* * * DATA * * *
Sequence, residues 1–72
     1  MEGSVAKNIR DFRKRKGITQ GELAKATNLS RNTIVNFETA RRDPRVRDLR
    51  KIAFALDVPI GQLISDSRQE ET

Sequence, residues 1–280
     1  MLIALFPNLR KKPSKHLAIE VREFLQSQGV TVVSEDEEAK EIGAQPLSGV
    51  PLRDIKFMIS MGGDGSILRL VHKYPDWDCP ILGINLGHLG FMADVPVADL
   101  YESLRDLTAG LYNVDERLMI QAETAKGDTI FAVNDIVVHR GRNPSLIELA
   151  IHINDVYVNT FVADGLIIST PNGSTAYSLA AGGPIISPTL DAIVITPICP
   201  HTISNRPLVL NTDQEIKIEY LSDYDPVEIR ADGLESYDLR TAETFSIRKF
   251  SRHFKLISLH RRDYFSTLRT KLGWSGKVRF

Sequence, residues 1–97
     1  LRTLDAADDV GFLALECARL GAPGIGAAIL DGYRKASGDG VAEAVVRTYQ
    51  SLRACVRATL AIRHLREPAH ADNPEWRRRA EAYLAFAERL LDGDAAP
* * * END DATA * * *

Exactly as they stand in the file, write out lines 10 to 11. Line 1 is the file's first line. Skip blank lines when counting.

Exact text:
   251  SRHFKLISLH RRDYFSTLRT KLGWSGKVRF

Sequence, residues 1–97